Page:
July 5, 2023
Yesterday, on the BBC website, there was a fascinating article about another archeological find. People have been enthralled by the Maya ruins throughout Mexico and Central America, and just last month, a magnificent and previously unknown city was found in Mexico's Yucatán Peninsula. They have named the city Ocomtún, and they estimate that it was occupied from 600 to 800 AD. I am a little goofy and nerdy about this kind of stuff, but one of the great mysteries, even with a number of new discoveries over the last few decades, has produced no real answers. Of course, the mystery is the sudden abandonment of Maya cities around 900 AD, which seemed to have happened uniformly across thousands of miles. There are many excellent guesses and opinions, but no one seems to have come up with something that most scholars would agree upon.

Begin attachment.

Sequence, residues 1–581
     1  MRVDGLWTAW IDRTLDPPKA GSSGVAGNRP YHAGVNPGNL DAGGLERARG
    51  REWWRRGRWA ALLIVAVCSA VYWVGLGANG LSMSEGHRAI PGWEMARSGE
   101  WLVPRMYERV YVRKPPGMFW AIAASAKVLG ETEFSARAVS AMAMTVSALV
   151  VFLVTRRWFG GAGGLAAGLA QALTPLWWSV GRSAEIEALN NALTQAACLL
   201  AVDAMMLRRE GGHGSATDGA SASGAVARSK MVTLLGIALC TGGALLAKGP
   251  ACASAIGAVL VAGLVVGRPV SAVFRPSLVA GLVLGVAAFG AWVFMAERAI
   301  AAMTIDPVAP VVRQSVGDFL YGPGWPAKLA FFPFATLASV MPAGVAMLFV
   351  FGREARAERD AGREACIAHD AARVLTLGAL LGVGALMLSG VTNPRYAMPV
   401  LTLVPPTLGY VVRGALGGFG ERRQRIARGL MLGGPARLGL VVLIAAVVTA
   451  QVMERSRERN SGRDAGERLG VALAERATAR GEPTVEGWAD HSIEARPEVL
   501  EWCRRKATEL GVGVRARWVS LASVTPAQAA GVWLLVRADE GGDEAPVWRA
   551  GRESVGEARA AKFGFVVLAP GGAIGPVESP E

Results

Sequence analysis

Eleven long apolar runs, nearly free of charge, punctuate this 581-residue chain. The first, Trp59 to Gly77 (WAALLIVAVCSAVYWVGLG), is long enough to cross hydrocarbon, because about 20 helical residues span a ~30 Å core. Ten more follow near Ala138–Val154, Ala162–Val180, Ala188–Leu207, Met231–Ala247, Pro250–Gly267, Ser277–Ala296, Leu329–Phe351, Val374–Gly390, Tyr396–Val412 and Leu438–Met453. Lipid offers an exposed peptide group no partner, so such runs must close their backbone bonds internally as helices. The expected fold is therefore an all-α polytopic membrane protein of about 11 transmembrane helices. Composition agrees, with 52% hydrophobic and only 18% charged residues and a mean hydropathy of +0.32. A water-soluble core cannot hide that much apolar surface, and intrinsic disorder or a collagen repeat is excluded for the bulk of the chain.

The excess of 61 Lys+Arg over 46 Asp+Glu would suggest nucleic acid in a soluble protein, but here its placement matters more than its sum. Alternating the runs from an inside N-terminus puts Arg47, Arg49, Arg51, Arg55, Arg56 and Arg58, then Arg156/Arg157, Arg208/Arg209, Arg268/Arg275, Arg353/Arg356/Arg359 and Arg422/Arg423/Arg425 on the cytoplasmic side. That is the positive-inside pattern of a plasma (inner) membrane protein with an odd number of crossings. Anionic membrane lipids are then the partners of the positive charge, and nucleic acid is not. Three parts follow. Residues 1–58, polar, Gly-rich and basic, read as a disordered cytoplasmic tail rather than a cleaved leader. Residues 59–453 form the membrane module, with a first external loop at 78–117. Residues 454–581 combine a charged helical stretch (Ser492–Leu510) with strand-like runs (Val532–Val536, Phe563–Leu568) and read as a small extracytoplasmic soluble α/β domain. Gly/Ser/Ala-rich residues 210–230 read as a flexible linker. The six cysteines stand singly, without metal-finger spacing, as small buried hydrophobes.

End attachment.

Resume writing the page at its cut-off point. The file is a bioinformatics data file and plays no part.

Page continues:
I think about how this relates to Biblical scholarship, trying to understand why things occurred, not one thousand years ago, but two thousand or even four thousand years ago. There are things scholars feel pretty confident about, while other things find themselves under a cloud of great uncertainty. Some people who center their faith and ethics upon the stories of Israel and even the early church can feel a bit shaken to learn that not everything we claim about history carries with it certainty. In fact, a lot of it is not even found in the Bible, but in the traditions and mythology throughout early Christianity. For me, this is not discomforting but exciting. I don’t think a faith understood like a puzzle that has been solved is really calling us to any sort of faithfulness. It appears to me that faithfulness is an ongoing exploration, where new discoveries occur and new information reshapes how we think about God, ourselves, and what it means to live as a follower of Jesus in this moment of time. Never stop exploring and learning!
For the amazing cultures around the globe, including those we have only begun to understand, I am thankful, O God. Let us never lose the capacity to be awed and excited about something new, even when it raises more questions than answers. This is our prayer! Amen.
Rev. Bruce Frogge